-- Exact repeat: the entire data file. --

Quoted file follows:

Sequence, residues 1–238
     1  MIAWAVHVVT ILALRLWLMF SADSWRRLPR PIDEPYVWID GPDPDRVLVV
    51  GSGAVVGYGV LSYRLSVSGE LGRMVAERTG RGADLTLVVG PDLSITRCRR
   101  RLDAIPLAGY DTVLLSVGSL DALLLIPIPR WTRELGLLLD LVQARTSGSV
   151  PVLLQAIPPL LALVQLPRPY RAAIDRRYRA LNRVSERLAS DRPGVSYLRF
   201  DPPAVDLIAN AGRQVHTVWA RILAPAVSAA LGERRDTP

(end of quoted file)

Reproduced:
Sequence, residues 1–238
     1  MIAWAVHVVT ILALRLWLMF SADSWRRLPR PIDEPYVWID GPDPDRVLVV
    51  GSGAVVGYGV LSYRLSVSGE LGRMVAERTG RGADLTLVVG PDLSITRCRR
   101  RLDAIPLAGY DTVLLSVGSL DALLLIPIPR WTRELGLLLD LVQARTSGSV
   151  PVLLQAIPPL LALVQLPRPY RAAIDRRYRA LNRVSERLAS DRPGVSYLRF
   201  DPPAVDLIAN AGRQVHTVWA RILAPAVSAA LGERRDTP